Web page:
That said, people who were at that KGB Bar made the point that no, there was a weird excited energy and a lot of people were there because it felt like something new was happening… Apparently, everybody in the New York lit world was reading it and felt like this is verbal cocaine. This is someone writing the way I think. It’s so many tangents, so many thoughts, and it sort of felt very prescient in the way that it anticipated in the future, the very near future, we would have so many different things tugging at our attention, so many screens, so many things, of course you need footnotes…
People were really excited about him, and that does not happen often. It was not just the big book of the season. It was ‘Oh, this is a writer who’s maybe changed the way that we write and keep writing.’ And it happens every now and then, Tom Wolfe, Thomas Pynchon, Hemingway, Fitzgerald, whomever, someone who people get that excited about … it was that way for David Foster Wallace, where he did have a rock star cachet, so it makes sense that someone at a magazine would be interested in writing about him.
How difficult was it to transfer from the book to the screen the sparking and lively conversation and vibes of these two guys?
JP: I had read David Lipsky’s book before. I really loved it because it allows Wallace to speak for himself at a point when he was notoriously private. That being said, he was at the tail end of the “Infinite Jest” tour. He’d worked for years on this book and had been talking about it a lot so he had his talking points.
He was also a wonderful conversationalist. He was a wonderful interviewer, as well. I mean DFW as a nonfiction writer is someone who profiled filmmakers like David Lynch or athletes … or with John McCain, one of the great essays I can think of in my lifetime, so he wanted to give a good interview. He wanted to be vulnerable and honest and not just give canned sound bytes.
As you watch the movie, you’re always aware that this sensitive and talented writer committed suicide and that his success and accolades were not enough. How much did that weigh on you?
JP: I think that was the secret truth that anyone who’s had that success has, which is, you have it, the world affirms the work that you’ve done, and then that thing that you feel in your gut, that alone feeling, that sadness, the feeling of ‘is this really all it’s cracked up to be’ … but you know that it’s not, it hasn’t healed whatever pain you have, and it’s a hard thing to tell other people who desperately just want what you have.
What inspired you to cast Jason Segel, known primarily for his comedy work, as David Wallace Foster?
JP: The books that were the defining books for me in college from 1997 to 2001, the books that came out around that, ‘Infinite Jest’ came out in 1996, Dave Eggers’ “Heartbreaking Work of Staggering Genius” came out about the same time, and then I also read “The Moviegoer” right after I read “Infinite Jest.” Those were the books that really stuck with me, and the television show that was most meaningful to me, which came out in 2000, was “Freaks and Geeks,” which Jason was on and, for me, is one of the best cast teen ensembles I can think of. Obviously, James Franco and Seth Rogen and other people came out of that cast.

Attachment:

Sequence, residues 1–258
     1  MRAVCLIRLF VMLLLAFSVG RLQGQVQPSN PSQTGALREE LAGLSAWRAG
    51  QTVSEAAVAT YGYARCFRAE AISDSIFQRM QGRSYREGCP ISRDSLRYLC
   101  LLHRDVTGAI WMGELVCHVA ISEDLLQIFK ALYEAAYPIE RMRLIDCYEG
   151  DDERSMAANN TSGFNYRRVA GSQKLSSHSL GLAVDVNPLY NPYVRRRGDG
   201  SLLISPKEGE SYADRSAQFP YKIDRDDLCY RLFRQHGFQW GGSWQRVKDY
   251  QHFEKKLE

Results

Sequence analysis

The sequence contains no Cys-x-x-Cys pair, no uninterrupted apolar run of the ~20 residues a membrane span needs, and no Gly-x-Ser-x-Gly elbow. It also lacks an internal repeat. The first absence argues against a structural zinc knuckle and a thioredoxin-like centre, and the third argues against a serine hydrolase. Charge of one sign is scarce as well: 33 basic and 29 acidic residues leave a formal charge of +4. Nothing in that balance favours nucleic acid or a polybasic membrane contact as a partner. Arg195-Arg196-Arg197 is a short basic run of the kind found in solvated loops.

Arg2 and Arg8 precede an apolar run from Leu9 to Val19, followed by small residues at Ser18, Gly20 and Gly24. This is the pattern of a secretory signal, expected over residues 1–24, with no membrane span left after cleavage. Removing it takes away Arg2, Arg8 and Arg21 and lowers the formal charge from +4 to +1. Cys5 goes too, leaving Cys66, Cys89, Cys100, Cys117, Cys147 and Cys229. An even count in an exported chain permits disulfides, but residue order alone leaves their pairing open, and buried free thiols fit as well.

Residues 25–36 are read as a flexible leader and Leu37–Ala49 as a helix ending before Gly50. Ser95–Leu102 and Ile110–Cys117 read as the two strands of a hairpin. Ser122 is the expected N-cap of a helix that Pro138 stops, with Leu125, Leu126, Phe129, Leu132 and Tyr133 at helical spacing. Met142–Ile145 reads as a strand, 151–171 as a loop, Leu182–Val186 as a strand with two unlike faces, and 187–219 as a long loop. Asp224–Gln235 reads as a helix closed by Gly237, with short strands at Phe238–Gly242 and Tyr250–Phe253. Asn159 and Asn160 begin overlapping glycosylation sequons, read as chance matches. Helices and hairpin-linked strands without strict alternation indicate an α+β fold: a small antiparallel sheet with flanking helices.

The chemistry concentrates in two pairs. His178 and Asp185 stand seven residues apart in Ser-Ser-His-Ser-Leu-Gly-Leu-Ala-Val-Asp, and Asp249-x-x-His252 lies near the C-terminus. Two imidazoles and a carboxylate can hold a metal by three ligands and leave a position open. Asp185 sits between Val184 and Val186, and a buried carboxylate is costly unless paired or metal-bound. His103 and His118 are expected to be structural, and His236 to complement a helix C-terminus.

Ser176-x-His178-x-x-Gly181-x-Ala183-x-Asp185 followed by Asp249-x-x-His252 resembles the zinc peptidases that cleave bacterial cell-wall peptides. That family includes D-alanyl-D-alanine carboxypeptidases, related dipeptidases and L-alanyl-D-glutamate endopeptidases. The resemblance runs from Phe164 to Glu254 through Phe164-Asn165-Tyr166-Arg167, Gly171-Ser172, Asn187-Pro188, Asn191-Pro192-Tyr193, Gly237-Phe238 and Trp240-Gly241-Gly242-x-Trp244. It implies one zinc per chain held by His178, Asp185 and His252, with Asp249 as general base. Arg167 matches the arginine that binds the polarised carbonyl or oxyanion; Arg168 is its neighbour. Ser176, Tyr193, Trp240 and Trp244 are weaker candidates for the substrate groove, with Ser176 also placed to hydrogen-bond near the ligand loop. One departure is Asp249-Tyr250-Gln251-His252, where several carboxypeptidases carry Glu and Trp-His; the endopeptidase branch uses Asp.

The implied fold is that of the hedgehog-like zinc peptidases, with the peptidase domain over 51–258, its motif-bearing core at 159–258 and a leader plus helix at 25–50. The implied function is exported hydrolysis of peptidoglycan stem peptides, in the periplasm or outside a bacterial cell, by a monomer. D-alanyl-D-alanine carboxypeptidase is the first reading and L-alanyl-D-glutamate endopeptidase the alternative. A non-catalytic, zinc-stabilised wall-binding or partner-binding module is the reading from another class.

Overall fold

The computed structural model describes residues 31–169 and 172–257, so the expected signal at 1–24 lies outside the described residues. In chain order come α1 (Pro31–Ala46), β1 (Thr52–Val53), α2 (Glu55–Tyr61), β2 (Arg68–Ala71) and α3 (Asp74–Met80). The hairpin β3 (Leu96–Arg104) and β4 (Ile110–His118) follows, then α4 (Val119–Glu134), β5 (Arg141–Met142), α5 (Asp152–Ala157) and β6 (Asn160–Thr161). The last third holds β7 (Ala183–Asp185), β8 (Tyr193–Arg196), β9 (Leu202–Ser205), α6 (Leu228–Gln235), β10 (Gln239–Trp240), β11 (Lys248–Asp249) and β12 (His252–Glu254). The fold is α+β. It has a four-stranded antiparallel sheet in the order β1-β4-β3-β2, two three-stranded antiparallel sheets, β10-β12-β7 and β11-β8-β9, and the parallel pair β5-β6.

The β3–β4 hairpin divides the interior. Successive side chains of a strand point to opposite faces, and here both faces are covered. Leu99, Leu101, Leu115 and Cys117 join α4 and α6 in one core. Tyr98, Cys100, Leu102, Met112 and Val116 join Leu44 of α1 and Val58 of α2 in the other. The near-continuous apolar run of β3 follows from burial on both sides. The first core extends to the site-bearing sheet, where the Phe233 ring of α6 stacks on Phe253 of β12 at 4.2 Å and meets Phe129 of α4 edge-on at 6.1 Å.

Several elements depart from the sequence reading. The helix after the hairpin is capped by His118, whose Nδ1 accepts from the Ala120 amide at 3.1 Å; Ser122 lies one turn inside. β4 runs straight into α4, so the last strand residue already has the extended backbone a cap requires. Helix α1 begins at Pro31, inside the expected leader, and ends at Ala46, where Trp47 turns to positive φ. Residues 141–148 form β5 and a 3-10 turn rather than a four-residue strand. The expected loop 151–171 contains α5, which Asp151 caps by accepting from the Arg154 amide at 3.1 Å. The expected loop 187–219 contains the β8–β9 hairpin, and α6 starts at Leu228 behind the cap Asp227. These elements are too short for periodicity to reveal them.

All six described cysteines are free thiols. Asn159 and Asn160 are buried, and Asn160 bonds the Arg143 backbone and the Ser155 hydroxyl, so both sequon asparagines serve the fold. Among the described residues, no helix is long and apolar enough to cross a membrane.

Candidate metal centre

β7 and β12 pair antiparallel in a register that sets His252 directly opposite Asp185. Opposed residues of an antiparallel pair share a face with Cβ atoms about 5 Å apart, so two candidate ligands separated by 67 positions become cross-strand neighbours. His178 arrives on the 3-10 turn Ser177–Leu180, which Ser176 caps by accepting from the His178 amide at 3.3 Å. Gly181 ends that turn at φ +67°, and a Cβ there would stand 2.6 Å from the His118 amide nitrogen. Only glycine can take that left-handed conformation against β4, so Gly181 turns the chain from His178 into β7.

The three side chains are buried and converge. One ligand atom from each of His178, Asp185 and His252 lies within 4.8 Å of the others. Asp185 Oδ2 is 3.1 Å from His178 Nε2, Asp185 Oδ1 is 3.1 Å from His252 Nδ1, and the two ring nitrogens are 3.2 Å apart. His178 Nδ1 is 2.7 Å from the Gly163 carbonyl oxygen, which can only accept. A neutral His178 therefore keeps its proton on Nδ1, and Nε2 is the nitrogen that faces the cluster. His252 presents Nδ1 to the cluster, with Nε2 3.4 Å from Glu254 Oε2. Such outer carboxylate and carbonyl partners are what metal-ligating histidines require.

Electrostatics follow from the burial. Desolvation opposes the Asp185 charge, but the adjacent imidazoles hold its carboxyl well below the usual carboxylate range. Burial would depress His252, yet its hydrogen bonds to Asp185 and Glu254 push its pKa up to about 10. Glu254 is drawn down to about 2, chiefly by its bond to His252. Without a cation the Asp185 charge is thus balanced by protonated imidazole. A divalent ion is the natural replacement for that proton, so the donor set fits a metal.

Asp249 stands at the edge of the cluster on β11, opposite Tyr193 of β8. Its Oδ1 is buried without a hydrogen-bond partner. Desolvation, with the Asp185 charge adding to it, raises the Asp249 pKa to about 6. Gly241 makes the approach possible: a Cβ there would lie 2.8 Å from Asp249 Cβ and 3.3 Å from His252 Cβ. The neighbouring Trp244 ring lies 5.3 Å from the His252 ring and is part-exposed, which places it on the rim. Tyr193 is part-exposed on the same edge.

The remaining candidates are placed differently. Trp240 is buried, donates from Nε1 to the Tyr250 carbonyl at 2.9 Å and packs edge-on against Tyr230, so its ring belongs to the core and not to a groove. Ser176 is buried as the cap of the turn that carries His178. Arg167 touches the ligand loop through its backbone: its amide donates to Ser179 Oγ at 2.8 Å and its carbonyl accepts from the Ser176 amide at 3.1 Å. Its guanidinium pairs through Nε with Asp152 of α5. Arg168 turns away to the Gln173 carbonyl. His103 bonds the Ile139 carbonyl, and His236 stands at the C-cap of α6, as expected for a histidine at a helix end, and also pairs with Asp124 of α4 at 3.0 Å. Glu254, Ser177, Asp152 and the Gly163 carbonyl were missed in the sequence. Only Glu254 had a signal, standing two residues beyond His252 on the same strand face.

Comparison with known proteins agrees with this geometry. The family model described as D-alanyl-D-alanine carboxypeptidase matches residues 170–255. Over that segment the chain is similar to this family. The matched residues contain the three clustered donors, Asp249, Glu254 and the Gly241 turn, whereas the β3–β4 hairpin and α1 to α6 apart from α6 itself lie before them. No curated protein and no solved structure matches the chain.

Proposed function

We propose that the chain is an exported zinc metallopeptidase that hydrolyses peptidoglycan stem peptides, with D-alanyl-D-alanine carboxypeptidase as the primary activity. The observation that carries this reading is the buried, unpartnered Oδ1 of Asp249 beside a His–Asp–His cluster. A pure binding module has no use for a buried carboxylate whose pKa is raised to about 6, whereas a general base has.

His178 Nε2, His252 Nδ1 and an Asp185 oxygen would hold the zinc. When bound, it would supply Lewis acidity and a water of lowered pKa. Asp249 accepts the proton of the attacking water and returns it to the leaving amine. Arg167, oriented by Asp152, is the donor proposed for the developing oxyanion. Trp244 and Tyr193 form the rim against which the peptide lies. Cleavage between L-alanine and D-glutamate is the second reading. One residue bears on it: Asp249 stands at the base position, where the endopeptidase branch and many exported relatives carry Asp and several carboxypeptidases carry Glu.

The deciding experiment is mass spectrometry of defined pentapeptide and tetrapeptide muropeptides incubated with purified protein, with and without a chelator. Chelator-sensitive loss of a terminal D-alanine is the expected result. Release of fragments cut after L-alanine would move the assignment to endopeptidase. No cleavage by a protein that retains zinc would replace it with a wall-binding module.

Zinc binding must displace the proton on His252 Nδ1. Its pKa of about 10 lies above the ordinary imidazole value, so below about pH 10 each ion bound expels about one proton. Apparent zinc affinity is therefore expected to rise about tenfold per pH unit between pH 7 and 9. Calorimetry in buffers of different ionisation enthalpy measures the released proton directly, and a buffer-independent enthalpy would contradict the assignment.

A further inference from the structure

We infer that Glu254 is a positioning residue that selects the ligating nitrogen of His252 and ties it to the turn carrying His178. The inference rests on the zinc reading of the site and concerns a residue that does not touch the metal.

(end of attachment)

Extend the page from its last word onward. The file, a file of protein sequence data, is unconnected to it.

Jason is the emotional core, you know, and he’s not doing broad comedy. When I saw Jason in that – and he was only 18 at the time – I felt that he was so relatable, and there’s a real level of surrogacy for me as an audience member. I empathized with him. He had sad and earnest eyes, and I felt the way I did when I watched early movies with Jimmy Stewart, Jack Lemmon, Henry Fonda and Tom Hanks.
Good actors who are honest can be honest in different context. For me, Jason, who’s never slipping on banana peels – I mean, he was on a sitcom for nine years – but for me, he was always a great actor. Getting to meet him and getting to talk to him, I defy anyone to name several other actors under 40 who are also successful writers. They don’t exist. And Jason is a deep, deep, deep thinker, as deep and thoughtful as Jesse Eisenberg, which is part of why I cast them.
Talk about your next film, “The Circle,” based on the book of another writer, Dave Eggers. It co-stars Tom Hanks and Emma Watson as a young woman who lands a job in a tech company that has troves of information about everyone.
JP: We’ll be shooting this year, and I’m really excited to take it on. It’s a film like this one about something that I obsess over, and that terrifies me. In the case of “The Circle,” I have a young child, a son who’s 14 months old, and I wonder about the world that he’s going to be raised in and how he’ll relate to technology, what privacy he’ll be able to choose for himself, how he’ll relate to screens, whether he’ll have a choice in the matter…
I myself have a total addiction to the screens in my life, to technology, a fierce addiction, and so this film is me engaging with a lot of those issues.